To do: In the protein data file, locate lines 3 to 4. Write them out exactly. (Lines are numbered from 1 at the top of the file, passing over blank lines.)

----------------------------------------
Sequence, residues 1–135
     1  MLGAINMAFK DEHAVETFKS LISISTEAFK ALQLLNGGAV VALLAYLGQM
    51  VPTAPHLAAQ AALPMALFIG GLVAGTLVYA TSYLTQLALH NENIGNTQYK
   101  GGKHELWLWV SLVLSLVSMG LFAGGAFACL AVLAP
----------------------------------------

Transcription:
    51  VPTAPHLAAQ AALPMALFIG GLVAGTLVYA TSYLTQLALH NENIGNTQYK
   101  GGKHELWLWV SLVLSLVSMG LFAGGAFACL AVLAP